Ray LonnenA couple of weeks ago I was very sad to learn of the death of Ray Lonnen – a fine, understated actor who took part in a couple of television shows that deserve to be remembered for a very long time: namely Harry’s Game and The Sandbaggers. I had the good fortune of visiting Ray a couple of times – most recently an evening a couple of months ago of fish and chips a chatting about his good friend Richard Shaw. Ray had showed me some paintings he had which had been done by Richard and kindly offered to share his memories of the late Quatermass actor. Ray had a lot of empathy for others and behind the considered decency that emanated from him was a twinkle and a wry sense of humour.  He and his lovely wife Tara were extremely hospitable and I had kept in touch with them since I interviewed them both for my Who’s Round project last year. They, along with their good friend Bernard Holley, came to see my West End double bill in November despite Ray being in a lot of pain. I was flattered to have known him and pleased to have had the opportunity to provide Ray’s Guardian obituary here. I can’t thank Tara enough for her help with this – her positive attitude and encouragement for others even shining through at a most difficult time for her and the family. If the world is a bit of a struggle sometimes, following Tara on Twitter is recommended – she’s an empathic person with an infectious optimism : find her at @TaraWardBooks.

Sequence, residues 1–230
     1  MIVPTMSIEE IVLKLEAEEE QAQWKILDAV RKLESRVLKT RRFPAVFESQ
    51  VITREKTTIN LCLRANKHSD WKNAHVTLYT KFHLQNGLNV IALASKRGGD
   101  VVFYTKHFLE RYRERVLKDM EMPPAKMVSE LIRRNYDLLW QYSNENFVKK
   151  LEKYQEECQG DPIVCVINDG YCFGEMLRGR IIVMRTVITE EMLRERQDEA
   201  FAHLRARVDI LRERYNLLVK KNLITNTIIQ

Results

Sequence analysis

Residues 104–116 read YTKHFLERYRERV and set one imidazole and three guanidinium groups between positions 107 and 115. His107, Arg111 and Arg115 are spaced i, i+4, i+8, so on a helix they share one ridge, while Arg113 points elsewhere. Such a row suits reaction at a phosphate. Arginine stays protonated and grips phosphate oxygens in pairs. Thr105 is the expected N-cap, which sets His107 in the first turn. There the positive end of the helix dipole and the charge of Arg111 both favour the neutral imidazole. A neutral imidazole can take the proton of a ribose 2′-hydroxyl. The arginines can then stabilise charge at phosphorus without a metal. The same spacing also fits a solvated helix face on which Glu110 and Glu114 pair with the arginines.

My Who’s Round interview with Ray and Tara can be found here.

It’s typical of the fellow that the last contact I had from him was after he found out my other half’s name: it’s unusual and he postulated that it might have been inspired by a film of the same name. I admitted that I thought that that was the case but that I didn’t know much about it. After a short time there was an email from Ray with a link to the movie and everything about it. He was  a thoughtful man for whom nothing was too much trouble.

Rest In peace Ray.

There are small parts …

There are no small parts, only small actors they say. “They” usually being your agent or other actors trying to make you feel better because most of the lines you had when you were offered the part have been cut prior to recording.